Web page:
The osteoporosis drug Aclasta has been linked to a number of serious side effects including low energy femur fractures (thigh bone fractures), osteomyelitis of the jaw, and osteonecrosis of the jaw (aka. Dead Jaw). These conditions are debilitating and can have a devastating impact on an individual’s quality of life.
What’s the problem?
Aclasta (zoledronic acid) is a prescription medication used in the treatment of osteoporosis in post-menopausal women and Paget’s disease of the bone. It belongs to a group of drugs called bisphosphonates which inhibit the release of calcium from the bones. While most patients are given the drug for years at a time, numerous studies and adverse event reports suggest that long-term use of Aclasta may increase the risk of low-energy bone fractures, most commonly involving the thigh bone or femur.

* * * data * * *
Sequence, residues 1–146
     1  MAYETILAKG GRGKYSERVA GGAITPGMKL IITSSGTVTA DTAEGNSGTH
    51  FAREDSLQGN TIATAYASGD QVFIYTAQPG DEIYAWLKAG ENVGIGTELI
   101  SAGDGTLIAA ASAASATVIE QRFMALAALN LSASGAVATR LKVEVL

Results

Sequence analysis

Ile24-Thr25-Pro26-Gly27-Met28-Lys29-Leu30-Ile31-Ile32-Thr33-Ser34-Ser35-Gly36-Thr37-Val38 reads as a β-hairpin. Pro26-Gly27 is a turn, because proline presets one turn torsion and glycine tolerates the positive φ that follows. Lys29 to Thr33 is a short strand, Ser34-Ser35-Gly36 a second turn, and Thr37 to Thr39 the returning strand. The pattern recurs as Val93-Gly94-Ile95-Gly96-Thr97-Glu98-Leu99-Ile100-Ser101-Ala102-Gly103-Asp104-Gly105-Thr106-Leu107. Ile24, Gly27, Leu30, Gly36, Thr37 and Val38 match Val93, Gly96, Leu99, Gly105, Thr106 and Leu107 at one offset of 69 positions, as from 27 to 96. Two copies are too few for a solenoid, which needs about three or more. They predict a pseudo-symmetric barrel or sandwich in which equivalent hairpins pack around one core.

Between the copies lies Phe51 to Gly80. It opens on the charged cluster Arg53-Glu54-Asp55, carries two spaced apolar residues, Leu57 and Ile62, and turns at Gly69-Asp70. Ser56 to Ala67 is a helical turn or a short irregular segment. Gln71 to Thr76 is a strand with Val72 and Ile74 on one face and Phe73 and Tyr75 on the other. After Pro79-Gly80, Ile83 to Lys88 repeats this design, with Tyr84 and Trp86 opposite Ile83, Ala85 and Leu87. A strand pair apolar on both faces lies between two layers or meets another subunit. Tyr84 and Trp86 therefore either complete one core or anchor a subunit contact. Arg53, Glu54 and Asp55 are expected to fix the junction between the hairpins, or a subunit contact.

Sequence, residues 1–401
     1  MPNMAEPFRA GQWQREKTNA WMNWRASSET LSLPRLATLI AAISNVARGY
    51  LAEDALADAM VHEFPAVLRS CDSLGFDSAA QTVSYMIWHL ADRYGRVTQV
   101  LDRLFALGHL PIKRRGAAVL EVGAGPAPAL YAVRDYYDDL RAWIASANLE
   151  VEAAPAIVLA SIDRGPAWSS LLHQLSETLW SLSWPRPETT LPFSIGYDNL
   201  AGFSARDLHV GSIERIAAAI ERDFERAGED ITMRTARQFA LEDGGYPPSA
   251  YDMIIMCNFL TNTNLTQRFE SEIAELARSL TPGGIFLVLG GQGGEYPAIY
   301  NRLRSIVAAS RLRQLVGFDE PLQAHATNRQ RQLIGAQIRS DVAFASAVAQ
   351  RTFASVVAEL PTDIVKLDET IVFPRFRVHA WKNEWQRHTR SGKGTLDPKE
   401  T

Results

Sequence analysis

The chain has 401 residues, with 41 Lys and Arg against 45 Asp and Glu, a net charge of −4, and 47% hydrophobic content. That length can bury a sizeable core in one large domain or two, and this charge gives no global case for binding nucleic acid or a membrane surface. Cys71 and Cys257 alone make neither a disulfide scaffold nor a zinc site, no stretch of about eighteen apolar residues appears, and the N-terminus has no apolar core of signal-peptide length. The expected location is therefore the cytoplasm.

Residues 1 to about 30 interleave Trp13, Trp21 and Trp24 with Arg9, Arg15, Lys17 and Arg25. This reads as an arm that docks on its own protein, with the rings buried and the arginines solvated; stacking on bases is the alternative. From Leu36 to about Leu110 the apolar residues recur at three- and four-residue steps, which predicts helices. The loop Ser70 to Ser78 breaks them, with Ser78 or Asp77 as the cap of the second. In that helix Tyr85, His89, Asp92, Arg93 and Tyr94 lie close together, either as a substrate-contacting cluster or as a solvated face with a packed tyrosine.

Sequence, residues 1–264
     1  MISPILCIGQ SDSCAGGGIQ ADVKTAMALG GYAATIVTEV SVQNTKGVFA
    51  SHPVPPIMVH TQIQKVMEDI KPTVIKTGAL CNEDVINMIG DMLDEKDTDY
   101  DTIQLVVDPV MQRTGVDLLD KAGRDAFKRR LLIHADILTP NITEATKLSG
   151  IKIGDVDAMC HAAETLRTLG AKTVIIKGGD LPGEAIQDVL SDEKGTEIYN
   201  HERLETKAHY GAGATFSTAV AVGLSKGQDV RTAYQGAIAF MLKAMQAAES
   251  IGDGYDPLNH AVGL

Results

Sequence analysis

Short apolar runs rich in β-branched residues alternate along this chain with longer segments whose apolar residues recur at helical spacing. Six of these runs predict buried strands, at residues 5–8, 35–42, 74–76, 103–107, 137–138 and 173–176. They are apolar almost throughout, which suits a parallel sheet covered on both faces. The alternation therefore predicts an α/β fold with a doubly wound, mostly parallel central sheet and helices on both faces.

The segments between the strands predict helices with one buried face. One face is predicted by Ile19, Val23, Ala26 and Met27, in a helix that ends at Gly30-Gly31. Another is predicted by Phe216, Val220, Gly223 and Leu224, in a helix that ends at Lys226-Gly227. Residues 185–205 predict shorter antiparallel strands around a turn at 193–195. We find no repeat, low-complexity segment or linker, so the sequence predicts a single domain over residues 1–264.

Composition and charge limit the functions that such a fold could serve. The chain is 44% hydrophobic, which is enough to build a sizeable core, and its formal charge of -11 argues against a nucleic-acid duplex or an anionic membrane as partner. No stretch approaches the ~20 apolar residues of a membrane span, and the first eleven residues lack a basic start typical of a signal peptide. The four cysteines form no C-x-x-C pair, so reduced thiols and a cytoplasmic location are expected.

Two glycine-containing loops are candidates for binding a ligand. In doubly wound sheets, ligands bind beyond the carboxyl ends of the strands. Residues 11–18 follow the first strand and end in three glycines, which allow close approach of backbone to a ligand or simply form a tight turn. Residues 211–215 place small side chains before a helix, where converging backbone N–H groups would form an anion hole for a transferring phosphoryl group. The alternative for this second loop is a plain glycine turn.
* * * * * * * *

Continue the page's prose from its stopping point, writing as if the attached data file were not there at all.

In October 2010, the U.S. Food & Drug Administration (FDA) warned that bisphosphonates like Aclasta had been linked to two rare types of thigh fractures known as subtrochanteric and diaphyseal femur fractures. FDA said in its alert that these unusual femur fractures had been most often reported in patients taking bisphosphonates, and that these injuries may be related to the long-term use of these drugs. Then in February 2011, a study published in the Journal of the American Medical Association (JAMA) confirmed that long-term use of bisphosphonates like Aclasta increases the risk for atypical fractures in older women. Researchers concluded that among older women, treatment with a bisphosphonate for more than five years was associated with an increased risk of subtrochanteric or femoral shaft fractures.